...
};

label

The label directive is used as a user-friendly reference when the field name is a serialized hash key or just plain ugly.

# the label directive
field 'hashref.foo.bar'  => {
    label => 'Foo Bar',
    ...
};

mixin

The mixin directive is used to create a template of directives to be applied to other fields.

mixin 'ID' => {
    required => 1,
    min_length => 1,
    max_length => 11
};

# the mixin directive
field 'user.id'  => {
    mixin => 'ID',
    ...
};

mixin_field

The mixin directive is used to copy all directives from an existing field except for the name, label, and validation directives.

# the mixin_field directive
field 'foobar'  => {
    label => 'Foo Bar',
    required => 1
};


field 'barbaz'  => {
    mixin_field => 'foobar',
    label => 'Bar Baz',
    ...
};

name

The name directive is used internally and cannot be changed.

# the name directive
field 'thename'  => {
    ...
};

required

The required directive is an important directive but can be misunderstood. The required directive used to ensure the submitted parameter exists and has a value. If the parameter is never submitted, the required directive has no effect and in-fact all filtering, validation, etc is then skipped.

# the required directive
field 'foobar'  => {
    required => 1,
    ...
};


# fail
my $rules = MyApp::Validation->new(params => {  });
$rules->validate('foobar');


# pass
my $rules = MyApp::Validation->new(params => {  foobar => 'Nii=cce });
$rules->validate('foobar');

See the toggle functionality within the validate() method. This method allows you to temporarily alter whether a field is required or not.

validation

The validation directive is a coderef used add additional custom validation to the field.

# the validation directive
field 'login'  => {
    validation => sub {
        my ($self, $this_field, $all_params) = @_;
        return 0 unless $this_field->{value};
        return $this_field->{value} eq 'admin' ? 1 : 0;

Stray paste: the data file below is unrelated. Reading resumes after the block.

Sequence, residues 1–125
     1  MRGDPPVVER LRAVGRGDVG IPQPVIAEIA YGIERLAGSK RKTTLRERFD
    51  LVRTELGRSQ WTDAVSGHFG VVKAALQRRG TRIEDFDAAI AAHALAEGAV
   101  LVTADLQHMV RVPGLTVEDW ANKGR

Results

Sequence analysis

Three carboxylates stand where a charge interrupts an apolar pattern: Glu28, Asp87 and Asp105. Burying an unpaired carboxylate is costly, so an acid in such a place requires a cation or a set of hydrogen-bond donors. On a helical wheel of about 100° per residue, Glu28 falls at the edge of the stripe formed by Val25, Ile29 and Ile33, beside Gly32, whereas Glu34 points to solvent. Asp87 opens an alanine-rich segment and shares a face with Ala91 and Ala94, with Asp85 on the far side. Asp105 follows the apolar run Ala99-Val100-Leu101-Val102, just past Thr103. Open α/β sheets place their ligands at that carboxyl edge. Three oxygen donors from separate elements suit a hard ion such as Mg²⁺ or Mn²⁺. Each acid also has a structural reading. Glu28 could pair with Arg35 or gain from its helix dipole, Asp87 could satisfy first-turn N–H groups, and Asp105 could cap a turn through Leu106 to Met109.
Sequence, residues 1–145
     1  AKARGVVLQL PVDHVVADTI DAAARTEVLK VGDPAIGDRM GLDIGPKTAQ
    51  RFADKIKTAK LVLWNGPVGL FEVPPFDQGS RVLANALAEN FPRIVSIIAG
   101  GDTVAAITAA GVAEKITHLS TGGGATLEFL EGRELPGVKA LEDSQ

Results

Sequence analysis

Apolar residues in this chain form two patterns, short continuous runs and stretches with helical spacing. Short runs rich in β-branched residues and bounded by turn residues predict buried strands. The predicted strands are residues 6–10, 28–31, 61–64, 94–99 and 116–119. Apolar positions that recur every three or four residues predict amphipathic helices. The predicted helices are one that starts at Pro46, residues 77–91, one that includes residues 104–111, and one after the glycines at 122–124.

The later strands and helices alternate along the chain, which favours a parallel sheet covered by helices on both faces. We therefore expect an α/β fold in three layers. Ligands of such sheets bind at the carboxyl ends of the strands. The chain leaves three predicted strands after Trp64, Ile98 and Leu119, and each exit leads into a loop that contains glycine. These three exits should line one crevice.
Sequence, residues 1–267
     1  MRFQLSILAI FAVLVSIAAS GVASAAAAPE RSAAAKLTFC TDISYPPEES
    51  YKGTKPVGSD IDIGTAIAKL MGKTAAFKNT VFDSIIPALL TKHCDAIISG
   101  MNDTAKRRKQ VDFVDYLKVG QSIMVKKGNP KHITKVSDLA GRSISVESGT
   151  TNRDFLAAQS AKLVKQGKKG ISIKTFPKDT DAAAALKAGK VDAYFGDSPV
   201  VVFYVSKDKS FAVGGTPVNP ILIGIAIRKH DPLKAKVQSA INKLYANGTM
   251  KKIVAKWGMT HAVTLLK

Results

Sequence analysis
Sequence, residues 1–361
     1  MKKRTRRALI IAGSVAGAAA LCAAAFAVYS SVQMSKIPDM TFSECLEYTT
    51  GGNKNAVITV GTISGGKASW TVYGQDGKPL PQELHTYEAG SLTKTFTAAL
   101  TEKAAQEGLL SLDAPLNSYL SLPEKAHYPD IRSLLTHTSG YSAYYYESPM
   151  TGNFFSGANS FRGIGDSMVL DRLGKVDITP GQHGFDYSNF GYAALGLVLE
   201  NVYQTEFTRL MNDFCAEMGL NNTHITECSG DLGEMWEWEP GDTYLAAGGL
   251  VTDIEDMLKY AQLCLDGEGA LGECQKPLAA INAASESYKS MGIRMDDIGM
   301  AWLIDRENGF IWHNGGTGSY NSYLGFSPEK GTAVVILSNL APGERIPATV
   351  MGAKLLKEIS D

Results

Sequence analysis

},
    ...
};

value

The value directive is used internally to store the field's matching parameter's value. This value can be set in the definition but SHOULD NOT be used as a default value unless you're sure no parameter will overwrite it during runtime. If you need to set a default value, see the default directive.

# the value directive
field 'quantity'  => {
    value => 1,
    ...
};

DEFAULT FIELD/MIXIN FILTER DIRECTIVES

filter/filters

The filter/filters directive is used to correct, altering and/or format the values of the matching input parameter. Note: Filtering is applied before validation. The filter directive can have multiple filters (even a coderef) in the form of an arrayref of values.

# the filter(s) directive
field 'text'  => {
    filter => [qw/trim strip/ => sub {
        $_[0] =~ s/\D//g;
    }],
    ...
};

The following is a list of default filters that may be used with the filter directive:

alpha

The alpha filter removes all non-Alphabetic characters from the field's value.

field 'foobar'  => {
    filter => 'alpha',
};

alphanumeric

The alpha filter removes all non-Alphabetic and non-Numeric characters from the field's value.

field 'foobar'  => {
    filter => 'alphanumeric',
};

capitalize

The capitalize filter attempts to capitalize the first word in each sentence, where sentences are seperated by a period and space, within the field's value.

field 'foobar'  => {
    filter => 'capitalize',
};

decimal

The decimal filter removes all non-decimal-based characters from the field's value. Allows-only: decimal, comma, and numbers.

field 'foobar'  => {
    filter => 'decimal',
};

numeric

The numeric filter removes all non-Numeric characters from the field's value.

field 'foobar'  => {
    filter => 'numeric',
};

strip

As with the trim filter the strip filter removes leading and trailing whitespaces from the field's value and additionally removes multiple whitespaces from between the values characters.

field 'foobar'  => {
    filter => 'strip',
};

titlecase

The titlecase filter converts the field's value to titlecase by capitalizing the first letter of each word.

field 'foobar'  => {
    filter => 'titlecase',
};

trim

The trim filter removes leading and trailing whitespaces from the field's value.

field 'foobar'  => {
    filter => 'trim',
};

uppercase

The uppercase filter converts the field's value to uppercase.

field 'foobar'  => {
    filter => 'uppercase',
};

DEFAULT FIELD/MIXIN VALIDATOR DIRECTIVES

package MyApp::Validation;


use Validation::Class;


# a validation rule with validator directives
field 'telephone_number'  => {
    length => 14,
    pattern => '(###) ###-####',
    ...
};